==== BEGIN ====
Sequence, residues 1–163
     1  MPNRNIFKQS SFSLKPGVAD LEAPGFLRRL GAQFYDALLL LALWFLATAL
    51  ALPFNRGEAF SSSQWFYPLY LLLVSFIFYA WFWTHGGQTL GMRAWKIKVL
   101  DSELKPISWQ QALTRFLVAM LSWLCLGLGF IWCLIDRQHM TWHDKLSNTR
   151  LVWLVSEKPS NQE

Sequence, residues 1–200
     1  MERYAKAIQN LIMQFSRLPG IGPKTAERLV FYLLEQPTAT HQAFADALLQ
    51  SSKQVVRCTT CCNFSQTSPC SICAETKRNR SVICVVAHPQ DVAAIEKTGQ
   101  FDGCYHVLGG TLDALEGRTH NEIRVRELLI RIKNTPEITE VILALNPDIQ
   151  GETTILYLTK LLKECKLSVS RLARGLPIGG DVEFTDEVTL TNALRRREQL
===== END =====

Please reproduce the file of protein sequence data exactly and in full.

Sequence, residues 1–163
     1  MPNRNIFKQS SFSLKPGVAD LEAPGFLRRL GAQFYDALLL LALWFLATAL
    51  ALPFNRGEAF SSSQWFYPLY LLLVSFIFYA WFWTHGGQTL GMRAWKIKVL
   101  DSELKPISWQ QALTRFLVAM LSWLCLGLGF IWCLIDRQHM TWHDKLSNTR
   151  LVWLVSEKPS NQE

Sequence, residues 1–200
     1  MERYAKAIQN LIMQFSRLPG IGPKTAERLV FYLLEQPTAT HQAFADALLQ
    51  SSKQVVRCTT CCNFSQTSPC SICAETKRNR SVICVVAHPQ DVAAIEKTGQ
   101  FDGCYHVLGG TLDALEGRTH NEIRVRELLI RIKNTPEITE VILALNPDIQ
   151  GETTILYLTK LLKECKLSVS RLARGLPIGG DVEFTDEVTL TNALRRREQL